Alabama Supreme Court: Unborn children protected by chemical endangerment statute - WAFB 9 News Baton Rouge, Louisiana News, Weather, Sports

Alabama Supreme Court: Unborn children protected by chemical endangerment statute

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Amanda Kimbrough appealed after pleading guilty to a charge of chemical endangerment. Amanda Kimbrough appealed after pleading guilty to a charge of chemical endangerment.

Friday, the Supreme Court of Alabama handed down a ruling that includes unborn children in the chemical endangerment statute.

This ruling comes as a result of an appeal filed by Amanda Helaine Borden Kimbrough of Colbert County.

Kimbrough pleaded guilty to child endangerment after her son Timmy died 19 minutes after birth. Kimbrough went into labor at 25 weeks.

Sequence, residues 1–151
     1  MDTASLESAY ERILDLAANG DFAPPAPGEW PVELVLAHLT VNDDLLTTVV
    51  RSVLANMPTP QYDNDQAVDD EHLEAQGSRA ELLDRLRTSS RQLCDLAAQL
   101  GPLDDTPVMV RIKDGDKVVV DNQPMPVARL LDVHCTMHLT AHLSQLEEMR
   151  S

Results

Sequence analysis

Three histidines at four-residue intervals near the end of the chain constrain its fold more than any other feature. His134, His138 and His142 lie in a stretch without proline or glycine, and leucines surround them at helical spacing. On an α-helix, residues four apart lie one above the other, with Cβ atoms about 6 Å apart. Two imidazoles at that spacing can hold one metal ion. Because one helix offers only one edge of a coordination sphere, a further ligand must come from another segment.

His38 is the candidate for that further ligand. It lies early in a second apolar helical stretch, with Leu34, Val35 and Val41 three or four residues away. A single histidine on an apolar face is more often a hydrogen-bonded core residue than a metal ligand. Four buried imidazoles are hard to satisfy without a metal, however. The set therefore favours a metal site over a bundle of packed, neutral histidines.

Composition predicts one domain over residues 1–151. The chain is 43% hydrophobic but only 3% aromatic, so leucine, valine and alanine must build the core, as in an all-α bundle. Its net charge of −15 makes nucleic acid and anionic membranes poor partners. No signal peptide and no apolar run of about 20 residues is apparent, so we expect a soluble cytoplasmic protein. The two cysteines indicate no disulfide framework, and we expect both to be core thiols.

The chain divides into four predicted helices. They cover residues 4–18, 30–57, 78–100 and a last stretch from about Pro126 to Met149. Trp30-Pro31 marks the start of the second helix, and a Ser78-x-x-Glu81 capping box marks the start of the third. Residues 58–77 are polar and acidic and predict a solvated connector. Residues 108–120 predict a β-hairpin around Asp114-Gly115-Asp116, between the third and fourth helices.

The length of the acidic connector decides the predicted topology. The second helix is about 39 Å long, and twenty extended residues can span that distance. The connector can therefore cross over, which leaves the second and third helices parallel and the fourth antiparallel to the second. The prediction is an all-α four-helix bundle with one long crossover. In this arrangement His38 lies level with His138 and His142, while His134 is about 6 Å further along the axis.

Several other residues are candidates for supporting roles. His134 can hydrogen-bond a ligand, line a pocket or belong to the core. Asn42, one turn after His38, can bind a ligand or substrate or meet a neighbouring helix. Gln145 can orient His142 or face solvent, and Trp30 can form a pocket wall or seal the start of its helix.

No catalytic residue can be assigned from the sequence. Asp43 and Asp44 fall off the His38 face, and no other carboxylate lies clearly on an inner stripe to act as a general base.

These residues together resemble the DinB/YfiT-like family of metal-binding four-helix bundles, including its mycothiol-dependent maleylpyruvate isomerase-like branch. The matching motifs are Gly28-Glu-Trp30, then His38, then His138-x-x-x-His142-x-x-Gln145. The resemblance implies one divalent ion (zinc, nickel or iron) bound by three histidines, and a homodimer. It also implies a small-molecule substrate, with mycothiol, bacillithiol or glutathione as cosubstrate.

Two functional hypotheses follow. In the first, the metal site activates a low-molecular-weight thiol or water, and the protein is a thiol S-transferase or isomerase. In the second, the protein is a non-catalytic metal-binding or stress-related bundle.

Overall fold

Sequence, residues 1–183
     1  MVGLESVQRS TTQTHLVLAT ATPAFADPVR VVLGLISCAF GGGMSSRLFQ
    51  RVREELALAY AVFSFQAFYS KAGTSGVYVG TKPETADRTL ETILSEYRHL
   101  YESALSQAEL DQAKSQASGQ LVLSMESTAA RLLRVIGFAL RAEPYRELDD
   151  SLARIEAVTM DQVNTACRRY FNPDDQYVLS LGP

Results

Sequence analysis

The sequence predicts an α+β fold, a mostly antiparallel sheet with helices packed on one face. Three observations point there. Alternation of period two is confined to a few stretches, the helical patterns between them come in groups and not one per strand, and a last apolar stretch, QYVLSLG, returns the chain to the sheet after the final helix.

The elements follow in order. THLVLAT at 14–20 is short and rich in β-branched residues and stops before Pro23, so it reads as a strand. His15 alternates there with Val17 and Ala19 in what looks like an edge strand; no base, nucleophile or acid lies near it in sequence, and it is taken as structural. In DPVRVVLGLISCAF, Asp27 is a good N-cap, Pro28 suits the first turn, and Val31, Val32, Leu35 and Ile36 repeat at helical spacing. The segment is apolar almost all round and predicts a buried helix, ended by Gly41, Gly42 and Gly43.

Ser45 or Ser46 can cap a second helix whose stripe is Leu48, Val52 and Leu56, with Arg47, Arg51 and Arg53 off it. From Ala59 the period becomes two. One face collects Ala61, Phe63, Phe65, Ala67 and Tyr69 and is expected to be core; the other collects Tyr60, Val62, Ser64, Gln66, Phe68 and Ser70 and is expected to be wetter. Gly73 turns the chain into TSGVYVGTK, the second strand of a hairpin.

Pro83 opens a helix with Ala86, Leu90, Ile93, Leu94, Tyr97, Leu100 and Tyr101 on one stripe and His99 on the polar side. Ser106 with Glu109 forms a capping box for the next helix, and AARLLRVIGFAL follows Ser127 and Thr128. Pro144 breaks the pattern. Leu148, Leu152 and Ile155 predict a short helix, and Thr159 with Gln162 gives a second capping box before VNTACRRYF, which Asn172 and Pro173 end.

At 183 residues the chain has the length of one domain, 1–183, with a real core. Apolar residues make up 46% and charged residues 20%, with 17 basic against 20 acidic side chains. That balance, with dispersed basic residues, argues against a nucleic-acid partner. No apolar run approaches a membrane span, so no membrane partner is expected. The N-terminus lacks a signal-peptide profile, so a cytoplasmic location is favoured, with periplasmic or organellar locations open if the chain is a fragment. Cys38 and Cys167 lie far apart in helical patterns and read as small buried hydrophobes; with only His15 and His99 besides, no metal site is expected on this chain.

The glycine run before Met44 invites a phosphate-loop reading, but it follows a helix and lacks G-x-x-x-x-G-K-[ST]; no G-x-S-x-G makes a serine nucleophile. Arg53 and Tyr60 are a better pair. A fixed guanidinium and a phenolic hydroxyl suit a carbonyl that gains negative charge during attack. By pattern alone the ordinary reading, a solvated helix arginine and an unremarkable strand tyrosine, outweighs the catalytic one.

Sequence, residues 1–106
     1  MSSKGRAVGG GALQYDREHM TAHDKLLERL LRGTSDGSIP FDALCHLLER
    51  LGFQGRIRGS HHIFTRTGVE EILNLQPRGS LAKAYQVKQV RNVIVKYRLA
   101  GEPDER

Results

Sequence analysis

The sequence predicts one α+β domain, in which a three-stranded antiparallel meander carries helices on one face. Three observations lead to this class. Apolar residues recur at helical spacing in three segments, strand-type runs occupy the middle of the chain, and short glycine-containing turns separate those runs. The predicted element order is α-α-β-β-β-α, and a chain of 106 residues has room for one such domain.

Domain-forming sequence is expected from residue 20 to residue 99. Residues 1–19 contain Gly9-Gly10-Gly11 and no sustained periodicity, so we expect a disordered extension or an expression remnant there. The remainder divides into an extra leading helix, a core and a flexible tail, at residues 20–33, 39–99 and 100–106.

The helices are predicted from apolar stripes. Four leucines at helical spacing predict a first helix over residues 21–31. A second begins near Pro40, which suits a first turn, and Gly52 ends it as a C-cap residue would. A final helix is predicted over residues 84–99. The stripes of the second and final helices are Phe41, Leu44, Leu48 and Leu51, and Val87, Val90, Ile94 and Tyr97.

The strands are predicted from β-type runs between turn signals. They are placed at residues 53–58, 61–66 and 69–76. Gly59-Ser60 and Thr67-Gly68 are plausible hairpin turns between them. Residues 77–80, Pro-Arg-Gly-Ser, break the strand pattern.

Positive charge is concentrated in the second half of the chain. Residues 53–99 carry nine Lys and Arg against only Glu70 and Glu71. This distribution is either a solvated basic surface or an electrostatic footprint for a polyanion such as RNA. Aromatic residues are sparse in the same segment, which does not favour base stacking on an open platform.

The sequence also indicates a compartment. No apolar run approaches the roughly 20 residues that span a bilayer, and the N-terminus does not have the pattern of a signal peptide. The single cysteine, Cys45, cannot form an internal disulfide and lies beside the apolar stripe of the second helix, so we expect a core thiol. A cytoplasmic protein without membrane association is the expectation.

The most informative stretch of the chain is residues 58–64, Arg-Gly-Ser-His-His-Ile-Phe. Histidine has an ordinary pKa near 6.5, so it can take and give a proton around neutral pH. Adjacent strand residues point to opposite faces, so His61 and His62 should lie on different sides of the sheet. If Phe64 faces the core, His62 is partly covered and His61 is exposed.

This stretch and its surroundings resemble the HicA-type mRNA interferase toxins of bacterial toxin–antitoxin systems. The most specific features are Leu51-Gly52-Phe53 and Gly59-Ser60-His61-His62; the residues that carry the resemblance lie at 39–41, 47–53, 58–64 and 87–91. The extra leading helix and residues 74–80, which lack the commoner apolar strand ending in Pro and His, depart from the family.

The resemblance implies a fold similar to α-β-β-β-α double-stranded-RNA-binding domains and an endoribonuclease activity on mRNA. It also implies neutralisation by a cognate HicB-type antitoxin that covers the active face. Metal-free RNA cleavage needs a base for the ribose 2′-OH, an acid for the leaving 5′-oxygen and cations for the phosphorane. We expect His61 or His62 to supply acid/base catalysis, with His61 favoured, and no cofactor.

A medical examiner with the Alabama Department of Forensic Sciences determined Timmy died from "accute methamphetamine intoxication". Kimbrough later admitted to smoking meth three days before the child was born.

Kimbrough pleaded guilty to chemical endangerment of a child, but later appealed. She argued that the chemical endangerment statute did not extend to unborn children.

The Alabama Criminal Court of Appeals ruled that Kimbrough's guilty plea should stand. 

Kimbrough then took the case to the Supreme Court of Alabama.

The Court ruled that the Court of Criminal Appeals made the right call.

The ruling states, "The decision of this Court today is in keeping with the widespread legal recognition that unborn children are persons with rights that should be protected by law."

Kimbrough is in Tutwiler Women's Prison. Her release date is in 2015.

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